Spring is the time of year we see mama bears emerge from their dens with cubs. During the second week of May in the Greater Yellowstone Ecosystem the sows will start to introduce their 1st year cubs to the world. The little cubs are seeing the outside world for the first time. When the cubs are born in January or February inside the den they are only 13 ounces, are mostly pink, have little fur and are relatively blind. Nature knows best, these babies would be bite sized snacks for large birds and other predators if they were not born in the protective den. They have the opportunity to fatten up and grow in February, March and April. This preparation helps the cubs have a better chance at survival in the harsh, real world.
The cubs have a relatively short gestation period, only 2 months. So if you are doing the backward math you may be asking yourself how would a bear mate while in hibernation. That is the interesting part, they don’t! Bears have a unique reproductive schedule. Bear mating season is in May and June, during this time 1-4 eggs may become fertilized. After fertilization the process is halted, the eggs do not implant in the uterus, they just hang out until hibernation begins in November or December. This allows the expecting mother to fatten up for the hibernation, birth and nursing of the cub or cubs, without the physical burden of growing cubs. This brief birds and the bears lesson brings us right back to spring.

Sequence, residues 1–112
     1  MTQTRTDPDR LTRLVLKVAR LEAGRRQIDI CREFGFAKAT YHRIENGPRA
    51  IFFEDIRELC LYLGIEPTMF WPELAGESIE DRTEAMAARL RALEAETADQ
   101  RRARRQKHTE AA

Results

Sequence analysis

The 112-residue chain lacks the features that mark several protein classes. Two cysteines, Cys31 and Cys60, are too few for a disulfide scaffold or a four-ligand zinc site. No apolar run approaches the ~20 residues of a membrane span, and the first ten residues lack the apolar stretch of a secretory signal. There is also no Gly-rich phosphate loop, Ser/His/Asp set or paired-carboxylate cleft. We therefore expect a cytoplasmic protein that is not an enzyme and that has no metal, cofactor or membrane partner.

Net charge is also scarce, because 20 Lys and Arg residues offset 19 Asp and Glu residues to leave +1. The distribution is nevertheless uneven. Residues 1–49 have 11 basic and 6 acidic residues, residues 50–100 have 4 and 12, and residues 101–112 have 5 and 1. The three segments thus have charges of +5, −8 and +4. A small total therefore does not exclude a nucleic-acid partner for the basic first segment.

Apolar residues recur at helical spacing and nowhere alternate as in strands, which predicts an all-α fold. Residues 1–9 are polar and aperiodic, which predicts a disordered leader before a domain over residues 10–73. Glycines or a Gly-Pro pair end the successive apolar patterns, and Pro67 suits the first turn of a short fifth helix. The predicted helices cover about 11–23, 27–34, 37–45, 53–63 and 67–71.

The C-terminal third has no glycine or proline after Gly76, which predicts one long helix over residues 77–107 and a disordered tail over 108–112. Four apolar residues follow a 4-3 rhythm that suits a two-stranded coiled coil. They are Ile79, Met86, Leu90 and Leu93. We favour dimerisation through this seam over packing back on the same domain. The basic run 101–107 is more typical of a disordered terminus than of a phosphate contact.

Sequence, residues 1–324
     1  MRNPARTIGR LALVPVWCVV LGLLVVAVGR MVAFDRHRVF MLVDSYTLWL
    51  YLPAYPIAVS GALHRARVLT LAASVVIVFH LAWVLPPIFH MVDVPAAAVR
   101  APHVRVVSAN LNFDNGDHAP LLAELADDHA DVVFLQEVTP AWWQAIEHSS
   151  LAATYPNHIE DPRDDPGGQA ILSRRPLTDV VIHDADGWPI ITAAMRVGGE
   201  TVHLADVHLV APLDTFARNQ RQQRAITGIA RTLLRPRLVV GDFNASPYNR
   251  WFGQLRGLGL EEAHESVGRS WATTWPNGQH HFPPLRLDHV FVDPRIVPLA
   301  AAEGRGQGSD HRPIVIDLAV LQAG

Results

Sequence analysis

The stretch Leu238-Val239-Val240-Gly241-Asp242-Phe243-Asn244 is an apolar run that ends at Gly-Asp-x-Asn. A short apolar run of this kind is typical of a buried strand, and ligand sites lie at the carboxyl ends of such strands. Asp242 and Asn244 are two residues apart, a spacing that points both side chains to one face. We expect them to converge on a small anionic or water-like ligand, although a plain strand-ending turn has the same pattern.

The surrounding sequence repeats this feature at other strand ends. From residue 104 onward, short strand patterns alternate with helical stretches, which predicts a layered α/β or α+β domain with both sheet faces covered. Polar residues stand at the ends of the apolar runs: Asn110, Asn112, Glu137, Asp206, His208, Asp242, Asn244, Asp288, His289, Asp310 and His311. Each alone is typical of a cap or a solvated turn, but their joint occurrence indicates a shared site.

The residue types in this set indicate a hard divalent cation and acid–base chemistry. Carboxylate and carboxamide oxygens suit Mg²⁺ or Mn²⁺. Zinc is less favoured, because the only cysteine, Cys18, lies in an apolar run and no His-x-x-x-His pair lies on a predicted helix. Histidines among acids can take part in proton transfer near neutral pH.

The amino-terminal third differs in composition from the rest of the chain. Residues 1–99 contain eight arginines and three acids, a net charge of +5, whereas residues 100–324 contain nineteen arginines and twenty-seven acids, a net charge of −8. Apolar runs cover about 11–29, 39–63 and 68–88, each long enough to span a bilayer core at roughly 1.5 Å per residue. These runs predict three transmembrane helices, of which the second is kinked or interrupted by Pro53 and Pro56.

While the bear cubs are acclimating to the new, outside environment they are also still relying heavily on their mother for nourishment. Bear cubs nurse until they are roughly 1 and a half years old. The mothers are also teaching their cubs very important foraging and hunting skills. Black bear cubs usually only stay with their mother for about a year and a half. Black bears are more reliant on vegetation, making their learning a bit less complex than grizzly cubs. They are ready to fend for themselves sooner. Grizzly bears will stay with their mother for about 2 and a half years. They need this extra time to learn about all the 220+ different food types they are known to consume. Grizzly bears consume plants, insects, fish and other mammals, and are more reliant on meat than their black bear relatives.
If you are interested in learning more about bears or other wildlife in the Greater Yellowstone Ecosystem our expert Wildlife Expeditions guides can answer all of your questions. They are lifelong educators ready to help you understand this magical place, and possibly spark new curiosities.
All photos courtesy of Suzanne Daniel.